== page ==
Around 2,000 teachers from Seattle, Washington, moved away from teaching and into race activism by wearing Black Lives Matter T-Shirts and sponsoring rallies to push the ideals of the domestic terror group.
Schools all across the Seattle city school district scheduled Black Lives Matter rallies as kids arrived at school on October 19, the Seattle Times reported.
Along with the T-Shirts, students were given lapel buttons and stickers to wear pushing the Black Lives Matter movement. Many made signs carrying racial slogans.
According to organizers, the purpose of these rallies were to affirm that “black lives matter in the public schools.”
Another reason the idea spread throughout the district is because the city’s John Muir school had to cancel a planned race rally last month over purported threats against teachers’ plans to wear Black Lives Matter shirts at school.
Black Student Union President Precious Manning, 17, insisted that the Black Lives Matter rallies means, “don’t leave us out.”
The rallies were not sponsored by the school district directly, but no move was made to limit them or put a halt to the district-wide plans to enlist the participation of each school in the city.
Teachers not only donned Black Lives Matter shirts, but some wore shirts featuring the slogan “#sayhername,” a reference to Sandra Bland, the young black woman who died in police custody in Texas a year ago.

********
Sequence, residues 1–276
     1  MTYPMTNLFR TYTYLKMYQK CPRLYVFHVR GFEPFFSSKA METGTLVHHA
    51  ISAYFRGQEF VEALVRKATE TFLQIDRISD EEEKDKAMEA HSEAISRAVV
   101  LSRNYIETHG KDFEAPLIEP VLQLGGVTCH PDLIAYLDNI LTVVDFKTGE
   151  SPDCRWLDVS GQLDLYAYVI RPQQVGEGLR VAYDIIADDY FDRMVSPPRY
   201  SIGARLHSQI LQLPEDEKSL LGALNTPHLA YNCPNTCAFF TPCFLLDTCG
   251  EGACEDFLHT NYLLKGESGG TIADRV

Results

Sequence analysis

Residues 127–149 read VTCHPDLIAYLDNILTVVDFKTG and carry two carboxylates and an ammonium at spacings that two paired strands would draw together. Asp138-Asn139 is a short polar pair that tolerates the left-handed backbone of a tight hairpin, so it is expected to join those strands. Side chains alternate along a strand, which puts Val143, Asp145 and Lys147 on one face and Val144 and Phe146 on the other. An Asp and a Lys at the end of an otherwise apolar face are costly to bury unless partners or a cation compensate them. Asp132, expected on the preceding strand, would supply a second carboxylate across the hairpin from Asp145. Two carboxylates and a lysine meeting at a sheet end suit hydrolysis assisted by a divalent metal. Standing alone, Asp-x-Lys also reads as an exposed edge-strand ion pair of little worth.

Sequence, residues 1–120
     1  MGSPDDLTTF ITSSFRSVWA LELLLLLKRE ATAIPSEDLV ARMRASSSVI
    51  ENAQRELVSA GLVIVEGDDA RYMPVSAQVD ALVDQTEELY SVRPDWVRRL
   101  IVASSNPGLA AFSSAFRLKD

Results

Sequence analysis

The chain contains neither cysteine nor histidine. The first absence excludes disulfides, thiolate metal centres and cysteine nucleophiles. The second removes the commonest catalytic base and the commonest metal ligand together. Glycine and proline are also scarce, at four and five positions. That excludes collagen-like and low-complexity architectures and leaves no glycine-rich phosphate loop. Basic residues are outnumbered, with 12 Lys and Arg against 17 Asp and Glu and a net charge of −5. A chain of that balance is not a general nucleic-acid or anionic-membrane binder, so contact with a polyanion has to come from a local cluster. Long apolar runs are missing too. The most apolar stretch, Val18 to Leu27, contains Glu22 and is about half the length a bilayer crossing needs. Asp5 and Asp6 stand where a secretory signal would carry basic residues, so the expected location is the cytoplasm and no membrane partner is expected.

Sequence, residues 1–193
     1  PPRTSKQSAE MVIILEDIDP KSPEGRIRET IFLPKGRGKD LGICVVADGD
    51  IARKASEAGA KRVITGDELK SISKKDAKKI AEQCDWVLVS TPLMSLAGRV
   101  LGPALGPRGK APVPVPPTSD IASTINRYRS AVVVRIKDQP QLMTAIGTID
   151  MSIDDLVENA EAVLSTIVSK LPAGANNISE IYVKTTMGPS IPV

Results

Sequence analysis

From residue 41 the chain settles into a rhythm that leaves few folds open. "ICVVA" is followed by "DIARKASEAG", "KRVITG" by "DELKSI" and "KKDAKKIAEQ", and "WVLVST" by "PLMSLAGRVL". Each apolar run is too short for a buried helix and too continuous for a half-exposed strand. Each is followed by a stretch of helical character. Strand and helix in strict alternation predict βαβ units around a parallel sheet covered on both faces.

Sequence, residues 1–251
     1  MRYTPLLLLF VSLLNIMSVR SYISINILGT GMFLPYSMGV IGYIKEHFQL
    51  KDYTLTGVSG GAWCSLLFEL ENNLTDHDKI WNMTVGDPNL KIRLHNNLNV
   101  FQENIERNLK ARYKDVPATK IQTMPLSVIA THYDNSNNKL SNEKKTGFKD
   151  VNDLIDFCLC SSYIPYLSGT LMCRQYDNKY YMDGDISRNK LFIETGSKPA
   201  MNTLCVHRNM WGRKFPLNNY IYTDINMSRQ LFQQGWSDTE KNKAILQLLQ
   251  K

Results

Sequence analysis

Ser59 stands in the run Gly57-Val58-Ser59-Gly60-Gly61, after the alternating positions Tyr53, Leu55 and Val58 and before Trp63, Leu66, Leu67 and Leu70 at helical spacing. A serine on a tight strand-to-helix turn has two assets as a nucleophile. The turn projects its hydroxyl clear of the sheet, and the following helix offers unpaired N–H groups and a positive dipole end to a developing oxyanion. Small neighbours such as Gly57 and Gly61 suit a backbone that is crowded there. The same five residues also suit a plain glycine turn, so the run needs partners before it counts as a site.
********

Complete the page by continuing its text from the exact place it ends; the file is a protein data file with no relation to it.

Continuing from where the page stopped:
Phyllis Campano, the president of the Seattle Education Association, tried to insist that the rallies had little to do with pushing the Black Lives Matter organization — a group that has been responsible for massive riots, property damage, destruction and even murders across the country — and more to do with pushing “education equality.”
“It’s not really about Black Lives Matter as a movement, but about how black lives matter in our schools,” Campano told ABC News, “it is not about the T-Shirts, it is about how we support our students of color in our community.”
“They don’t see themselves in curriculum or the histories, and we need more educators of color,” Campano concluded, “but in the meantime we need to make kids feel like they are truly included, and a part of the school.”
A spokesperson for the Seattle school district claimed district officials respect teachers’ rights to express themselves and said he hoped the message on the T-Shirts inspire people to do the work of “eliminating opportunity gaps.”
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